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Women have, at times, taken up the responsibility of raising men’s issues; one of the most active campaigners on testicular cancer is a female MP. We know that with greater gender-balance typically comes a feminised policy agenda – one that is more favourable to women and men. Indeed, we can see this in other parts of the world. Sweden, currently rated 5th in the world for women’s representation, was the first country to introduce paternity leave. Paternity leave is taken by almost 90% of Swedish men today. In Norway, both parents take a mandatory two-week leave, and can then split up the 46-week parental leave, which is paid at a 100% rate. These policies ensure that the division of labour is split more equitably between men and women, by allowing women to re-enter the labour force, whilst men can spend time at home caring for their children. A 50:50 Parliament would be beyond men’s enlightened self-interest. Ideally, it would challenge masculine stereotypes within Parliament, encouraging men to speak about, rather than sideline, sensitive issues that affect them.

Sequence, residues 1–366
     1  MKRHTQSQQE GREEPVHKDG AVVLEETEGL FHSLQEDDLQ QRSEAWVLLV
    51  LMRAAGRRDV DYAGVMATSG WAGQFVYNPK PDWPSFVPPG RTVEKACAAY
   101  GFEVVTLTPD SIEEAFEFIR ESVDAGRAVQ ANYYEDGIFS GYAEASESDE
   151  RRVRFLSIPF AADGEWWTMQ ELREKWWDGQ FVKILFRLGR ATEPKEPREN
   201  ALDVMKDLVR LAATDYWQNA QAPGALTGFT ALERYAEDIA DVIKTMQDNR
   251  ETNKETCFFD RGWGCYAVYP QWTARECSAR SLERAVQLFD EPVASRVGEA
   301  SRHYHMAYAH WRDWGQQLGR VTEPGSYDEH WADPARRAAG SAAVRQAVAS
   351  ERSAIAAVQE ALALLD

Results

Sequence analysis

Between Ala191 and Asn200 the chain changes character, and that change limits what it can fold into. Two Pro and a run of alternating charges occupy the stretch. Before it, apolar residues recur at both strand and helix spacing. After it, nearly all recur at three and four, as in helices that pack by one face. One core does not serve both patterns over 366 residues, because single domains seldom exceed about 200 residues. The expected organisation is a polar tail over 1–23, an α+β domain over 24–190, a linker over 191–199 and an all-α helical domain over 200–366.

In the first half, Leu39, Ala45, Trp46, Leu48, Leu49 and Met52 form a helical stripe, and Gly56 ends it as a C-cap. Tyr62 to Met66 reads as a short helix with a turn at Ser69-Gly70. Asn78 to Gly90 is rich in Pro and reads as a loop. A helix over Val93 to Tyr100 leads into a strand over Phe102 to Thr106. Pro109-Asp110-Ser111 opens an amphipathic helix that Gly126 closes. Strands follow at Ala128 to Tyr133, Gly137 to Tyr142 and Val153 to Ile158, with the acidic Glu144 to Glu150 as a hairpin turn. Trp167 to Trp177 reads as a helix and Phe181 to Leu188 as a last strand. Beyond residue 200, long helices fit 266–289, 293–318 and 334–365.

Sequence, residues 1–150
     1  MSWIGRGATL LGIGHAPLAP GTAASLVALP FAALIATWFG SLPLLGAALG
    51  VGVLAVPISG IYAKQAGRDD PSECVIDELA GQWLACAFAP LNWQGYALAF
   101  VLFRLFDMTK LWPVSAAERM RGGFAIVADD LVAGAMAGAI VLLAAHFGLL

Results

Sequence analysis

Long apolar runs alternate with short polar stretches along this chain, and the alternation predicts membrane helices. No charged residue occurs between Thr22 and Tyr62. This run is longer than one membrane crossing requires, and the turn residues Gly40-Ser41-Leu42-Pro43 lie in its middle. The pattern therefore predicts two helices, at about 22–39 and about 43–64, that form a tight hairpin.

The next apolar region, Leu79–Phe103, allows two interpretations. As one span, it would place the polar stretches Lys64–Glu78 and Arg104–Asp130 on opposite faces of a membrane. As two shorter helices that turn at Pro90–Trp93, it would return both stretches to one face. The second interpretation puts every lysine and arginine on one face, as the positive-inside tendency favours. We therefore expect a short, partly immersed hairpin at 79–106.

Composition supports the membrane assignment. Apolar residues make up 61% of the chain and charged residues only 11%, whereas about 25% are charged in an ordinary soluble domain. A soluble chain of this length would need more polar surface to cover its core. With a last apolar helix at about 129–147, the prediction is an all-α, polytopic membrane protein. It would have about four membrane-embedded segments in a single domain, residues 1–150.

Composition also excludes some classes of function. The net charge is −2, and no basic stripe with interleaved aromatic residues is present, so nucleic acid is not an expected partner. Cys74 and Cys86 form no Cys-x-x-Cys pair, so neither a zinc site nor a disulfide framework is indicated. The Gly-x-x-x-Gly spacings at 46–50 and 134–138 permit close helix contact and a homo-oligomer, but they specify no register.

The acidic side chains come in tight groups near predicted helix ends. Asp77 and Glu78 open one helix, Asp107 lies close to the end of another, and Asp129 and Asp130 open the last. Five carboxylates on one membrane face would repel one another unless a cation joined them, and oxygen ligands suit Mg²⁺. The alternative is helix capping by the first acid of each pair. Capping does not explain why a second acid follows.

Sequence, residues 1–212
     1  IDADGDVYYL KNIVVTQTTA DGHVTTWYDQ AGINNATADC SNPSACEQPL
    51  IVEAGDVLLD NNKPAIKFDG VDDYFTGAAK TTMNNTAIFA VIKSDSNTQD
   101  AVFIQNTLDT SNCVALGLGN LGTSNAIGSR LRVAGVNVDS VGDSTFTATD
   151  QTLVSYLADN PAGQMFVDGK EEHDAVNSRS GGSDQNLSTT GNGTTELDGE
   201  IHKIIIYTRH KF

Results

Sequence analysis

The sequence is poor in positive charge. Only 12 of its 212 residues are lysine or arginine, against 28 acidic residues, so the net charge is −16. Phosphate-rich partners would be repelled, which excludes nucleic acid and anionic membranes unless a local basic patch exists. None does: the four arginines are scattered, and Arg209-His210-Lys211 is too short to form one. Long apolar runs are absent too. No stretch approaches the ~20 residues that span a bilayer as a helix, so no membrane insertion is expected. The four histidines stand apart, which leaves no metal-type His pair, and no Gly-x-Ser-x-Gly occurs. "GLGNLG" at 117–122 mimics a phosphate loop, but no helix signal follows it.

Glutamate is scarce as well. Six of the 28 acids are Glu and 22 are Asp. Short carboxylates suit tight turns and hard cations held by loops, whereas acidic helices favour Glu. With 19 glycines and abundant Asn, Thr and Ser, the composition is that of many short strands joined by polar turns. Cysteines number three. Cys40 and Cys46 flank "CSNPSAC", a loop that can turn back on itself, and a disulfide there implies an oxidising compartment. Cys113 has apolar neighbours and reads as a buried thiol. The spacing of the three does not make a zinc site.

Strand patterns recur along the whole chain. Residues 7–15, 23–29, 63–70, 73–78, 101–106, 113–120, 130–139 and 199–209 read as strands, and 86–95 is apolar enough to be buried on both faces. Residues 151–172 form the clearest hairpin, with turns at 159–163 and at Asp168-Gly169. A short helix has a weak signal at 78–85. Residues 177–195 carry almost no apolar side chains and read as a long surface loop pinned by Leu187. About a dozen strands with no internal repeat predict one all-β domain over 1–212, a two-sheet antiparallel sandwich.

In order to achieve a 50:50 Parliament, we need to act on it. We can’t sit back and assume that representation will naturally increase by itself. In 2014, Britain actually saw a decline in the proportion of women in local government. For women’s representation in politics, the UK has slipped down the global league tables, from 33rd in 2001, to 40th in 2015. If there’s anything to learn from this, it is that we must be anything but complacent with the status quo.

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Anna Sanders is a postgraduate at the University of Manchester, specialising in Governance and Public Policy. Her PhD thesis focuses on the link between gendered policies and women’s voting behaviour. She is an active campaigner for gender equality and an Ambassador for 50:50 Parliament.